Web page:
Beef: After 639,000 head of cattle were slaughtered the week ending Aug. 25, last week slowed considerably, dropping well below expectations to 622,000 head. This week's holiday-reduced kill is expected to come in near 545,000 head, ahead of a rebound back towards the mid-630,000-head area, where slaughter schedules are expected to remain throughout the balance of September. A portion of this week's slowdown can likely be attributed to the disruptions left in the wake of Hurricane Harvey, but despite very favorable margins, packers do not seem motivated to slaughter cattle aggressively. Larger out-front commitments continue being made, especially in the 90-day-plus delivery window, but that does very little to shore up current supplies, and spot beef sales have been dwindling as of late. Cow slaughter is trending seasonally higher, from the 105,000- to 110,000-head range throughout the summer towards the 110,000- to 115,000-head range recently. Further seasonal increases towards the 120,000-head range are expected into November.
Pork: The cutout continued its decline, perfectly on pace with a seasonal descent, and is likely to continue declining for another week, in seasonal form. It is probable that the most aggressive moves are over, with any further weakening expected to be modest or even slight. As further losses in bellies minimize and other primals find support for the near term, the cutout is likely to now move relatively sideways for a few weeks, after which it is price-risk upward on a seasonal basis. This year, the cutout is not expected to move higher on a seasonal basis, as available hogs should allow for continued price easing, in addition to the increased packer capacity, which could lead to some discounted product changing hands.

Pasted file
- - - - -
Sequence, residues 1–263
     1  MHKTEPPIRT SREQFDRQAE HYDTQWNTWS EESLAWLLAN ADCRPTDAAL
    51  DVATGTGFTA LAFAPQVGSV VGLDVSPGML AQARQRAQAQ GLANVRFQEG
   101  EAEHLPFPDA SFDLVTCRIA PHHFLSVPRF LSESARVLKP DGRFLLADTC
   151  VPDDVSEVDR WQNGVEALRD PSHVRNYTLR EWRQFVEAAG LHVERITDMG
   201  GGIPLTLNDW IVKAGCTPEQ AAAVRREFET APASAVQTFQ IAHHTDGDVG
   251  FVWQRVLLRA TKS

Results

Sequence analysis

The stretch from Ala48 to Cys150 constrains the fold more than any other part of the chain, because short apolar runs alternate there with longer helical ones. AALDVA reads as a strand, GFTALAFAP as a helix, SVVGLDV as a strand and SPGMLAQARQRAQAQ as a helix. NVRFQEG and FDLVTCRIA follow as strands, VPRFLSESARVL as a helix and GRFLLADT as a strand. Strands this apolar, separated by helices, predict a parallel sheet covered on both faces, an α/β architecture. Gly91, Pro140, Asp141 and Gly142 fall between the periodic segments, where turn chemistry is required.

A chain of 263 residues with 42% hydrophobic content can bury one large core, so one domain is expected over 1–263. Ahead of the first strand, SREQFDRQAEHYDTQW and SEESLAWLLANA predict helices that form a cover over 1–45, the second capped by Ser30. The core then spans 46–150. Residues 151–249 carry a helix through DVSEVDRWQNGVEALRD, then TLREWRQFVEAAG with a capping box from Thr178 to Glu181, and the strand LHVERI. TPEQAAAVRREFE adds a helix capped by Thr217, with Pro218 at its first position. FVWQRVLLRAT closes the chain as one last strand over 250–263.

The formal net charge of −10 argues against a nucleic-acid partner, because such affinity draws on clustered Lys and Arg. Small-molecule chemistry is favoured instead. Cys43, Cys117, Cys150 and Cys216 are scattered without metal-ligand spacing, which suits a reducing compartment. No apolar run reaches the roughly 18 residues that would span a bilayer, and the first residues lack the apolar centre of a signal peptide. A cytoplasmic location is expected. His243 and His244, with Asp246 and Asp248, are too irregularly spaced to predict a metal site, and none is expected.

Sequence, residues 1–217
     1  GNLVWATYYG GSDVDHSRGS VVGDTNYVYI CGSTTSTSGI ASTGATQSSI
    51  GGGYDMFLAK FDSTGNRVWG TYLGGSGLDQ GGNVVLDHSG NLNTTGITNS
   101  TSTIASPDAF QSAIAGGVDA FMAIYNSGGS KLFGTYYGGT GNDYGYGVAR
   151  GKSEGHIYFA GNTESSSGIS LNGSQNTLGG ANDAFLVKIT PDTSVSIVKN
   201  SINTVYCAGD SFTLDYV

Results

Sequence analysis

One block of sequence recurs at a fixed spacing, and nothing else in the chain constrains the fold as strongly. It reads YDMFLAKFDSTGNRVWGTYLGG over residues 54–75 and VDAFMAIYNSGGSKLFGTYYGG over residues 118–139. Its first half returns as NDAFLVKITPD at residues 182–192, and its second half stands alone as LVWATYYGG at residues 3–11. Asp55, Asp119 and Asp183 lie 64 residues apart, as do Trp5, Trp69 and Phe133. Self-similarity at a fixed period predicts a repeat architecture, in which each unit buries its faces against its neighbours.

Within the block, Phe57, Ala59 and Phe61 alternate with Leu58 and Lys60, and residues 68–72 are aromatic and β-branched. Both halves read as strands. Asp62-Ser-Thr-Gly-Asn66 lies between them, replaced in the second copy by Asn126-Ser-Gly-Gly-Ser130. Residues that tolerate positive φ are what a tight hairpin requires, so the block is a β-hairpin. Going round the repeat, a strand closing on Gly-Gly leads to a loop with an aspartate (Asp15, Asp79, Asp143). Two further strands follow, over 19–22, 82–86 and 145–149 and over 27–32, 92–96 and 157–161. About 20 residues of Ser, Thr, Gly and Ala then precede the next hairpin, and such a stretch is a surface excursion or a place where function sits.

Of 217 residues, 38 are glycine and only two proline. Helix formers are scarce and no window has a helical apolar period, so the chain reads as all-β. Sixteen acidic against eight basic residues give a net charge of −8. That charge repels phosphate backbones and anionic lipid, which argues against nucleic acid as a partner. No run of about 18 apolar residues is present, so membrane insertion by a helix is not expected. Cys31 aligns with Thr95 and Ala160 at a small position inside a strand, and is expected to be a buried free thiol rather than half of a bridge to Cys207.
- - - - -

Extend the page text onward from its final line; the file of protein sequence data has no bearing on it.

Poultry: Turkey meat production numbers have become much more modest lately in comparison with a year ago. However, year-ago performance was making a strong comeback after sharp reductions in output related to highly pathogenic avian influenza outbreaks occurred during the same time a year earlier. The most recent U.S. Department of Agriculture "Poultry Slaughter" report put young turkeys slaughtered during July at 18.94 million head. That number was 3.3% lower than year ago and the second-lowest July total (higher only than 2015) in three decades. Slaughter weights are up nearly 1% year to date compared with a year ago, which has kept production from plunging even further. Production of young turkeys on a ready-to-cook basis during July totaled 464.9 million lb., 2.4% lower than year ago. The likely conclusion here is that the restricted poult placement that was revealed in the USDA "Turkey Hatchery" reports earlier this year in a response to higher holdover rates, struggling demand and floundering breast meat values is beginning to show up in production numbers.
For a more detailed look at the weekly forecasts for the various meat sectors and meat cuts, subscribe to the "Meat Price Outlook." Contact Susan Dahlgren at [email protected] for more information.